In a recent case, a couple bought a property on the North Shore which had been previously renovated and extended by the vendor as an owner-builder. The local council had issued a development approval and when the works were finished the council issued a Final Occupation Certificate.
That certificate was attached to the contract of sale. The purchasers did no more than read that certificate and form an expectation that the council would have acted properly in issuing the certificate.
After the couple had completed the purchase significant structural defects and non-compliances with the relevant plans and specifications became apparent (lower level block walls not having sufficient reinforcing bars, not being filled with concrete and not being properly tied to the slab and to the horizontal beams holding up the upper level).
The contract by which the couple had purchased the property included a clause which stated that the purchasers were buying the property subject to any defects, and that they were relying on their own inquiries and inspections, and that they were specifically not relying on any statements or representations made by the vendor.
The couple needed to spend very significant amounts of money to fix the problems, and they were aware that if they were to eventually sell the property themselves, the non-compliances could result in them receiving a lower price. So they sued both the council and the owner-builder for compensation.
They succeeded against the owner builder vendor but failed against the council.
To win against the council the purchaser had to show that the council ought to have foreseen that a purchaser would have relied on the certificate in deciding whether to buy the property and on what terms.
The Court of Appeal had to assess the presence or absence of foreseeability of harm, reliance and assumption of responsibility, and vulnerability to determine whether a duty of care should be imposed on the council.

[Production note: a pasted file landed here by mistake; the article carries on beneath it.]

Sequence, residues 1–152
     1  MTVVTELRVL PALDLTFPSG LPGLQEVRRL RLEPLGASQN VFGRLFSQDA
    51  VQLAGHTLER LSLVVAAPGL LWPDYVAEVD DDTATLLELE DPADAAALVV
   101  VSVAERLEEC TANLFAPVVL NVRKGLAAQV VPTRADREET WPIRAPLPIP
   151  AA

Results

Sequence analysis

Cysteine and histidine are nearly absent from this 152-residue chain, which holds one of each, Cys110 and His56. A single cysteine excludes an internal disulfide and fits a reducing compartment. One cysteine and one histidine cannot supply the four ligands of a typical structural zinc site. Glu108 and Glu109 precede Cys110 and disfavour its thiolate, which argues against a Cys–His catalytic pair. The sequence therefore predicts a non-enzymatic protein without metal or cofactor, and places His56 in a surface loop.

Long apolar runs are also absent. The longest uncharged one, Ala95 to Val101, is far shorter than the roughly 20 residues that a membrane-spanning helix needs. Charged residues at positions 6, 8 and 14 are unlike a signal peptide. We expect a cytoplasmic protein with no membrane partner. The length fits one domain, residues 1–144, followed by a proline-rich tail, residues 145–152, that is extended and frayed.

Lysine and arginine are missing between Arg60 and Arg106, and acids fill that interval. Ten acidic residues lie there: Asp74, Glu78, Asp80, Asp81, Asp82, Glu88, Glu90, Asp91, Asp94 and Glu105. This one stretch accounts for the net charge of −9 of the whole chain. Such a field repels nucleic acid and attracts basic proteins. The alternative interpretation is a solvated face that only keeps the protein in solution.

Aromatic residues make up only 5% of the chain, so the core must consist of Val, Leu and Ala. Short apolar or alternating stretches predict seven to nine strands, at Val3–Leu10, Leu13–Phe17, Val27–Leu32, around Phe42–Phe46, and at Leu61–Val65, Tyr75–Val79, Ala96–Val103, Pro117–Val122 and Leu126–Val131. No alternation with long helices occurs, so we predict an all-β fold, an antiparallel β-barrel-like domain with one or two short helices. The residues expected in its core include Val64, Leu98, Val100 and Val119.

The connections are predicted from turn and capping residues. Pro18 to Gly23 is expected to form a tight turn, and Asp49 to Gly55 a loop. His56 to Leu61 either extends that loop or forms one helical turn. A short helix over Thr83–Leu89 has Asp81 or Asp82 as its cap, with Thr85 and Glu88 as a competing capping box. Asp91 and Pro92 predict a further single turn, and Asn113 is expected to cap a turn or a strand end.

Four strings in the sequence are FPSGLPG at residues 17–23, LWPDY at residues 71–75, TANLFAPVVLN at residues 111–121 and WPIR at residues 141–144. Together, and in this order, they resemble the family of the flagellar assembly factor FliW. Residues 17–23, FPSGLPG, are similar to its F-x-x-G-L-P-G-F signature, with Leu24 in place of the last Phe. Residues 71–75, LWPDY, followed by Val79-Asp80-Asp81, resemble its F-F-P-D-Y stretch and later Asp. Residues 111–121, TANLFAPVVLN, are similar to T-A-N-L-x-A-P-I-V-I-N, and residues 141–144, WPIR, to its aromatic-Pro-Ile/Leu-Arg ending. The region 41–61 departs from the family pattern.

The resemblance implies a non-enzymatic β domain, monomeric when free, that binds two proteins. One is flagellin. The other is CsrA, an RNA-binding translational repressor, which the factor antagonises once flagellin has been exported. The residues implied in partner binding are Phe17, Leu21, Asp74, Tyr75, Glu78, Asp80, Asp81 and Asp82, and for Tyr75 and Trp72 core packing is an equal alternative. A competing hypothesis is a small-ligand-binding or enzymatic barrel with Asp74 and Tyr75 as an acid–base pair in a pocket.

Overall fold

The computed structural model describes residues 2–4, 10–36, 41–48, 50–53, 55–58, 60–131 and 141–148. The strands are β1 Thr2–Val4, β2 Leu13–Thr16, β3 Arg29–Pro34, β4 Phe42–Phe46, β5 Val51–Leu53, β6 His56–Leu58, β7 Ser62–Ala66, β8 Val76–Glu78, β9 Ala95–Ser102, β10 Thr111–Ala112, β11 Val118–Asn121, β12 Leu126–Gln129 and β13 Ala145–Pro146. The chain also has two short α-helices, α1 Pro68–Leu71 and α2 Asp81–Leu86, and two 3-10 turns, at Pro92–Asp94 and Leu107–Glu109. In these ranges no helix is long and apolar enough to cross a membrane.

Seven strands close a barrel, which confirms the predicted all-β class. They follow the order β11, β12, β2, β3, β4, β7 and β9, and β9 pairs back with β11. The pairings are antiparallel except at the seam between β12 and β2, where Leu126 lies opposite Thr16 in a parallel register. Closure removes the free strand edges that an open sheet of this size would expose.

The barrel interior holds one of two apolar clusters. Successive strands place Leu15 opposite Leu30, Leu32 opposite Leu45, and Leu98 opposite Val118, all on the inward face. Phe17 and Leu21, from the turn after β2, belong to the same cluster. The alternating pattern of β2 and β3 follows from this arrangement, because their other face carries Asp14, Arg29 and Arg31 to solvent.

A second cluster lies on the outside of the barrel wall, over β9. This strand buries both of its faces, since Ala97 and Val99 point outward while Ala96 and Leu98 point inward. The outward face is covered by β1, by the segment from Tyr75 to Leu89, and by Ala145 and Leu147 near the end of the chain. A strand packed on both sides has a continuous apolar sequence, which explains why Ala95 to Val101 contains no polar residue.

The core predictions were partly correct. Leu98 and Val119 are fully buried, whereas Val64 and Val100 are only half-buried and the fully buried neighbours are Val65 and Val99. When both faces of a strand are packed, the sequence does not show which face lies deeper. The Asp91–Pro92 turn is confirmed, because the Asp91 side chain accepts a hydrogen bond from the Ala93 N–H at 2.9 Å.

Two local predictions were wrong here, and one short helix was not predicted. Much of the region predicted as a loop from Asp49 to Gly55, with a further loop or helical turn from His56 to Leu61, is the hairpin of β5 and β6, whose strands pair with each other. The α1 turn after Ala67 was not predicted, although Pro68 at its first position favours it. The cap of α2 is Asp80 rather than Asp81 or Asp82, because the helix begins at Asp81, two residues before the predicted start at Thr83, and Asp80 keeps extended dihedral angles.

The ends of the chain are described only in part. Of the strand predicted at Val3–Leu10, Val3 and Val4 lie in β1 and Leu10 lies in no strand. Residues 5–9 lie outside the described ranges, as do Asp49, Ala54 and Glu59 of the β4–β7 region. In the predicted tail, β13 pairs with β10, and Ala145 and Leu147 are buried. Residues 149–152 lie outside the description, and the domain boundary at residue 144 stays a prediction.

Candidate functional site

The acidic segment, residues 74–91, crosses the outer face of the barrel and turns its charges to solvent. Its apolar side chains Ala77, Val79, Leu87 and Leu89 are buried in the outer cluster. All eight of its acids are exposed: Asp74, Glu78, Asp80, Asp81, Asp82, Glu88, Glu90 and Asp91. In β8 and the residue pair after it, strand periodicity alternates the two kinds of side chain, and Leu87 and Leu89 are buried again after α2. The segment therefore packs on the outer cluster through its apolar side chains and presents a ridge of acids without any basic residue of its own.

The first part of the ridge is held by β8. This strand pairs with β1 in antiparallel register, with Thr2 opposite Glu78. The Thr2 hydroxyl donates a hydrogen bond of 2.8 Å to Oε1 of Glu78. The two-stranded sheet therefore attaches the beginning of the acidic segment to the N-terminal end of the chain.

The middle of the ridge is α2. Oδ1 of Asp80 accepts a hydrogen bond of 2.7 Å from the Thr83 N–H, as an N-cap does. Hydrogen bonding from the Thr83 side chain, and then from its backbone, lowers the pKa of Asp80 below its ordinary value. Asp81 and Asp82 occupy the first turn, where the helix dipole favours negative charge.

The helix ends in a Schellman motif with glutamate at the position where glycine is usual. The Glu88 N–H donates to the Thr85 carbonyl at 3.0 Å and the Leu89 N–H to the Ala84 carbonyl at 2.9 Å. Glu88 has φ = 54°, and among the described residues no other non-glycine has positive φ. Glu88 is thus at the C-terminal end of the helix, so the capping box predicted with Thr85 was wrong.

The Court found that the Council did not owe the purchaser a duty of care to look out for defects as an occupation certificate only authorises the occupation and use of a building and does not certify that building work does not, or is not likely to, contain latent defects or that the work complies with the development plans.
The Court said that the Council merely goes through a checklist to see if a certificate can be issued. The Court also said that the purchasers were not vulnerable to the Council’s failure to uncover defects because the purchaser could have negotiated the price down to safeguard themselves from any loss that might result from potential defects, could have negotiated warranties from the vendor as to the quality of the building work and that the purchaser's had the benefit of the statutory warranties in the Home Building Act.
This case serves as a reminder for purchasers of properties to get an independent, comprehensive building inspection report before exchanging contracts or bidding at an auction for a property.
This case is similar to the court's decision some time ago that the risk that there are unapproved and therefore illegal structures on a property is a risk that the purchaser takes on by exchanging a contract to buy it unless the contract says otherwise.
The general conveyancing regulations give a buyer a right to have council check for illegality and to call the contract off if council decline to issue a Building Information Certificate because of any undisclosed illegality
If you are thinking of buying or selling a property consider Craig Lockart who is an accredited Property Law Specialist for your conveyancing and/or contract advice to avoid situations like this happening to you!